The market for digital-based agricultural services is expected to reach $4.55 billion by 2020. Monsanto paid $1.1 billion for a big data company that monitors weather to provide farmers insurance and runs simulations prior to planting. Big data allows for accurate crop predictions without planting a single seed. These advanced data analytics allow farmers to start and harvest their crops at optimal time, thus, maximizing crop yields and minimizing waste. Additionally, big data is already being used to chemically engineer plants that can be grown everywhere, which could in turn bring a sustainable solution to put an end to world hunger in the future.

Risks and uncertainties

The European Commision approved the deal after Bayer promised to divest some assets and license some of its technologies to rivals. Having considered Trump administration's focus on trade competition, the Bayer acquisition is as unwelcome to the U.S. as it is acceptable to the European Commision. Moreover, there is still a concern about competition policy as this merger will allow Bayer, Monsanto and BASF to create farm-data collection platform. The new company would become the largest agribusiness on the planet, selling 29% of the world’s seeds and 24% of its pesticides.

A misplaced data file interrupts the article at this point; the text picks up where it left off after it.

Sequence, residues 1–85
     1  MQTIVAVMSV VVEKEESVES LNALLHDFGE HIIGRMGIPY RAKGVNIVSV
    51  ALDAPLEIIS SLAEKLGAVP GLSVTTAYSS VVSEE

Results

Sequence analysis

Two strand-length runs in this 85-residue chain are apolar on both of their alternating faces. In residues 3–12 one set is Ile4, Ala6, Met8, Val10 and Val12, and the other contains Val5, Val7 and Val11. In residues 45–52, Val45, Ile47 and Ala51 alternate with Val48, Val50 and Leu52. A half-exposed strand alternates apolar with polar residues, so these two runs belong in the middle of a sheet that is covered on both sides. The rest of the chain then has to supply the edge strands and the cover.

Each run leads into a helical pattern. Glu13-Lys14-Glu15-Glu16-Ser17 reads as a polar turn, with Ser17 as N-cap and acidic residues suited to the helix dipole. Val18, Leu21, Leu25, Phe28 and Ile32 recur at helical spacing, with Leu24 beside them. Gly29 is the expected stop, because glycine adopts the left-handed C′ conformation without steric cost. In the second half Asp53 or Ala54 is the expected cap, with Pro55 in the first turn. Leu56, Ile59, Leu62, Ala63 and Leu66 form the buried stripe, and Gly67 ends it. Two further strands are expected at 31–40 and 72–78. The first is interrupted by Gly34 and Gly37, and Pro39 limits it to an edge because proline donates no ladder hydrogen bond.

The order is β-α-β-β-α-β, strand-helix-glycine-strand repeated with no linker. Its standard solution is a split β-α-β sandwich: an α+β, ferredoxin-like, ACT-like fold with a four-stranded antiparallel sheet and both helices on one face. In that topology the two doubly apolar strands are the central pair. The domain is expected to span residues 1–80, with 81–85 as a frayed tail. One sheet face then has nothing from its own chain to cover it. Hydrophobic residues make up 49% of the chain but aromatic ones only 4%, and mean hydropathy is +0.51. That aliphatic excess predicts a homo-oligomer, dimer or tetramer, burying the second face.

The new agricultural giant may have outsize political power to lobby for policies that benefit themselves at the expense of consumers and farmers, which eventually may monopolise the agriculture as well as the food sectors. Another concern is that if these handful of giant companies face less competition, they may face less pressure to innovate. The innovation in crop yields is the key to help feed a rapidly growing world’s population. Taking into account other companies that have consolidated, they have spent less on research for smaller crops and steered toward big blockbuster profits with commodity crops such as corn or soy.

“The $66 billion deal creates an incredible concentration in the seed and pesticide markets...it would concentrate too much power over the global food supply in the hands of a few giant corporations.” -Bloomberg

© The MergerSight Group. 2018. All rights reserved.